Ire­land have the edge but Bendt­ner still be­lieves

The Guardian - Sport - - Football England V Brazil - Paul Doyle Dublin

The boos at the fi­nal whis­tle sug­gested that Den­mark fans be­lieved their team blew their best chance of World Cup qual­i­fi­ca­tion by fail­ing to beat the Repub­lic of Ire­land in Copen­hagen on Sat­ur­day but Nick­las Bendt­ner is con­fi­dent he and his team-mates can in­stead reach Rus­sia via to­mor­row’s sec­ond leg in Dublin.

Bendt­ner con­fessed to be­ing a lit­tle sur­prised by how de­fen­sive the Ir­ish were on Sat­ur­day but is con­vinced that Mar­tin O’Neill’s men will pur­sue vic­tory with more aban­don at home and, in do­ing so, will leave them­selves vul­ner­a­ble to the Danes. “I think it will be a dif­fer­ent match,” says Bendt­ner.

“They know they can’t play a match where they have to stay so deep. They have to come out; they have to try to score. They can’t play a game of this im­por­tance for 0-0. I think they will come out a lit­tle more, which will al­low us to get more space. In a way I think it will be a more in­ter­est­ing match to watch. Maybe we have a slight ad­van­tage given the fact that, if both teams score [in Dublin], we are go­ing to be the ones go­ing through, and that’s why this sec­ond game will be a lit­tle bit dif­fer­ent.”

Bendt­ner ad­mit­ted, how­ever, that the first match did not pan out ex­actly how he ex­pected. “I would say that Ire­land didn’t really sur­prise us. We thought they would stay deep and de­fend as they’ve had great suc­cess with that but maybe we thought they would come out of the blocks and try to at­tack in more num­bers rather just kick the ball away and hope to hit a player. But they de­fended with their lives as we’ve seen. We had three good chances; maybe we could have done bet­ter with some of them but they de­fended really well. They are strong so we have to match that on the away pitch and we have to take our chance and hope­fully get a goal.”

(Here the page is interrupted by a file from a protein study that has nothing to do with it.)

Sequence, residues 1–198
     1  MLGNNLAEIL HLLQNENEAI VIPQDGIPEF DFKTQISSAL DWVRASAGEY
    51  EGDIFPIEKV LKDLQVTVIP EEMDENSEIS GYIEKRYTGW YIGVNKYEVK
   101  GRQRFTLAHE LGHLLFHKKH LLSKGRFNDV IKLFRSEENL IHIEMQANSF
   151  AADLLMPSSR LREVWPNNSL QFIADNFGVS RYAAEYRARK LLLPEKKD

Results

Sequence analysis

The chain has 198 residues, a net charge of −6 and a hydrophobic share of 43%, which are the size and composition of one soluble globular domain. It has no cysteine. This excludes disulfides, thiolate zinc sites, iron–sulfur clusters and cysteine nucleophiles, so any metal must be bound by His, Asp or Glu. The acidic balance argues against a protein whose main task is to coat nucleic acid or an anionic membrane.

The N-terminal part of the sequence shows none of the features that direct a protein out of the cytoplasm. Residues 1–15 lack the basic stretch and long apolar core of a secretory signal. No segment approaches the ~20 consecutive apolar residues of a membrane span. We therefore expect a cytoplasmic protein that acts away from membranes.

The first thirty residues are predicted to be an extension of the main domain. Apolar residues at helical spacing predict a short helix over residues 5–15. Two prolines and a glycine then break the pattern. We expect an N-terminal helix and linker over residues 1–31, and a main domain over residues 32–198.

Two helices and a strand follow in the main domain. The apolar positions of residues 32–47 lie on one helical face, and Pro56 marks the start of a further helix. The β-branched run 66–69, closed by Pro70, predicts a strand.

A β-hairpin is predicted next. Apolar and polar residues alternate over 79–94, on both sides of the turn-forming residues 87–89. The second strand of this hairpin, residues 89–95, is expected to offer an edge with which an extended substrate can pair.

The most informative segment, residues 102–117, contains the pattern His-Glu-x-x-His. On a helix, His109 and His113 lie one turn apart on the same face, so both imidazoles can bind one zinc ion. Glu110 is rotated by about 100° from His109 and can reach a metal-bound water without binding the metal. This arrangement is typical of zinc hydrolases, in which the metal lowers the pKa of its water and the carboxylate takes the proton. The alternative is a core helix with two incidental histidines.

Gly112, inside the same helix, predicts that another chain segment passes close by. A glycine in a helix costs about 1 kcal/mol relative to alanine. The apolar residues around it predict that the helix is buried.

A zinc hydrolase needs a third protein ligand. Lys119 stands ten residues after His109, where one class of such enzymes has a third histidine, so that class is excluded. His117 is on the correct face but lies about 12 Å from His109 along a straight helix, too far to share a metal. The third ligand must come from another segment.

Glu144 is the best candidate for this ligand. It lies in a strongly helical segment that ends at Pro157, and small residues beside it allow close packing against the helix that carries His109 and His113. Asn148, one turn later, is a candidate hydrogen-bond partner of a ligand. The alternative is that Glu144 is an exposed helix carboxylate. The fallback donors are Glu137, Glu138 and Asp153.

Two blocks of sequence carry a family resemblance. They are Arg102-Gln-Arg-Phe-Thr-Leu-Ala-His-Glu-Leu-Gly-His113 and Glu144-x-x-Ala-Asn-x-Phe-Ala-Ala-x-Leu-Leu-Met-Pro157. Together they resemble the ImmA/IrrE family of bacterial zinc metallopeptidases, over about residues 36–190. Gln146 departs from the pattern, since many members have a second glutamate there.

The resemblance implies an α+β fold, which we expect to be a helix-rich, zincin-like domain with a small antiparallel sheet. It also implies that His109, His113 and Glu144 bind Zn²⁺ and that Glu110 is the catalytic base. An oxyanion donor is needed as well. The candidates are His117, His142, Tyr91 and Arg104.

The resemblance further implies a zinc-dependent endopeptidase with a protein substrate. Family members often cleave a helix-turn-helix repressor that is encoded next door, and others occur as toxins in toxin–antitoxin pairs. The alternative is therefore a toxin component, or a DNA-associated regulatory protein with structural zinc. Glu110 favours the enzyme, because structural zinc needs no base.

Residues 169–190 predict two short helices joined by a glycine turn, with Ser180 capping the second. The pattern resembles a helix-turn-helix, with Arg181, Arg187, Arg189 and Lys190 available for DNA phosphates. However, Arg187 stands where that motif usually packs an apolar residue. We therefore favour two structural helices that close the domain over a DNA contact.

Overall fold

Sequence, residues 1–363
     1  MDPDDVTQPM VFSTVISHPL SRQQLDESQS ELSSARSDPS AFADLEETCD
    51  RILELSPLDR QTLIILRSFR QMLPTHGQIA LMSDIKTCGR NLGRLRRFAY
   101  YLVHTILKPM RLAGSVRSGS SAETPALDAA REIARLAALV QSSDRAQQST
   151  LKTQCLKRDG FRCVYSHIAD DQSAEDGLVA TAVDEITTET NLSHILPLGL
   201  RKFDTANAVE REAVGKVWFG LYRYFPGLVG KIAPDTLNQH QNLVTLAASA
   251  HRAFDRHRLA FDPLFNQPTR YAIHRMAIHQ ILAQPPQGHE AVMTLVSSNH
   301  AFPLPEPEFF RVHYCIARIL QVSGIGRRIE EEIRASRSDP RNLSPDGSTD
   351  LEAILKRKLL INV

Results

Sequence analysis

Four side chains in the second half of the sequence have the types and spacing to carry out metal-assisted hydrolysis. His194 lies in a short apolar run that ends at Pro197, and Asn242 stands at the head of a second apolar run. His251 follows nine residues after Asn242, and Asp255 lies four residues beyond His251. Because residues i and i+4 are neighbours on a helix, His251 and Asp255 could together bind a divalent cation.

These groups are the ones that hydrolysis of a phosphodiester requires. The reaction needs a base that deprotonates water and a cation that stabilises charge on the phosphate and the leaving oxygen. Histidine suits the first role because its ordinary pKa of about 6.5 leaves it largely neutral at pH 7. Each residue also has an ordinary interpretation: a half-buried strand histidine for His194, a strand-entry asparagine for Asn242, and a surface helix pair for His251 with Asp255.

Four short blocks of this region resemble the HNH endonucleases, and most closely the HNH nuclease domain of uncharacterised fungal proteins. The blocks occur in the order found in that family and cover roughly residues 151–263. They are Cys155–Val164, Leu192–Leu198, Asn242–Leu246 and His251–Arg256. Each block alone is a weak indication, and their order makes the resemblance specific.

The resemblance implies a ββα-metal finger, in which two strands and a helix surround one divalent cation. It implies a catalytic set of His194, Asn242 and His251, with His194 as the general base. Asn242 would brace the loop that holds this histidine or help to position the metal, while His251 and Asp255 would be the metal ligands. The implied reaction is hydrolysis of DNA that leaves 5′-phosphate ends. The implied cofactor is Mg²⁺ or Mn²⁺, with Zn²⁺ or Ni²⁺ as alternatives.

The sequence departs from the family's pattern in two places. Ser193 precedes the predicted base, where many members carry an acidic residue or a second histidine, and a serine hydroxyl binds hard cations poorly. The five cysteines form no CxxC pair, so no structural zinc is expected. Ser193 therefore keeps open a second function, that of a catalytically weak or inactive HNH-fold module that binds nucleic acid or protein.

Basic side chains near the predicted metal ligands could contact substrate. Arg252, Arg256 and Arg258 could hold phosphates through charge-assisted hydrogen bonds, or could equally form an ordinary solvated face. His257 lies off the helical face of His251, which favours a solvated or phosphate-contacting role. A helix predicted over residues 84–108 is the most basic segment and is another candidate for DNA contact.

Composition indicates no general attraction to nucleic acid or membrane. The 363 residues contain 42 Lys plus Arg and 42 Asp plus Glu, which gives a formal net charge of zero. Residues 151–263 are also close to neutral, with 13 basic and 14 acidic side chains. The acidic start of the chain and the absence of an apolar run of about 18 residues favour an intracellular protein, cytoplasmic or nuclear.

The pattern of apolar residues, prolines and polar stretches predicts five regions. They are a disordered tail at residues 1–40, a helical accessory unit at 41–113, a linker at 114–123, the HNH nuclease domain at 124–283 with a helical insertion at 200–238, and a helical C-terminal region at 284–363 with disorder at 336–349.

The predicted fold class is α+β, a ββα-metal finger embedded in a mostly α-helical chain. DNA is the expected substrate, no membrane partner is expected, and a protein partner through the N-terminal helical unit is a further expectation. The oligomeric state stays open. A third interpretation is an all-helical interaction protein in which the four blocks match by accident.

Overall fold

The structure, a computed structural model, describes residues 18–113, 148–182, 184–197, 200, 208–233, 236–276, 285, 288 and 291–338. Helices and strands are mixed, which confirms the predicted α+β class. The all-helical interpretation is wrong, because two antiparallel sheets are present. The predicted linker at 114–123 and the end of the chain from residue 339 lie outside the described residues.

That will be no sim­ple feat, as the Repub­lic have kept clean sheets in their last three matches. But it will not be easy for the Ir­ish to score either and they, too, could be said to have missed an op­por­tu­nity by not re­turn­ing from Copen­hagen with an away goal. The no­tion that they will be a far more fear­some force in Dublin is not based on their per­for­mances dur­ing the group stage, dur­ing which they played bet­ter on their trav­els and did not beat any of their main ri­vals in Dublin.

Their last really im­pres­sive win there was against Bos­nia-Herze­gov­ina two years ago – in the sec­ond leg of the play-offs for Euro 2016. Mar­tin O’Neill’s team tend to be more com­fort­able play­ing off the back foot. They are not try­ing to im­press any­one, quite happy to be awk­ward.

Shane Duffy, colos­sal again in Copen­hagen at the heart of the Ir­ish de­fence, does not en­vis­age a rad­i­cally dif­fer­ent ap­proach from his side for the sec­ond leg. “We’ll go in with the same game plan ob­vi­ously, we’ll be hard to beat,” said the Brighton & Hove Al­bion cen­tre-back. “We’ll be dis­ci­plined. We know we can score goals, we’re at home and we’ve got to go for it. But we’ve still got to re­spect them. They’ve got play­ers who can cut you open. We’ve got to con­cen­trate and that’s what we’ll do. You can’t get ahead of your­selves and go out all guns blaz­ing and lose the match early on.

“We’ve got to re­spect the op­po­si­tion a lit­tle bit. They’ve got qual­ity and we’ve got to soak up their pres­sure and they soak up our pres­sure a lit­tle bit. We’ll try and stay in the game as long as we can and we’re con­fi­dent we can score goals against them at home. It doesn’t mat­ter how we get through as long as we do.”

Nick­las Bendt­ner is con­fi­dent Den­mark will score in to­mor­row’s sec­ond leg

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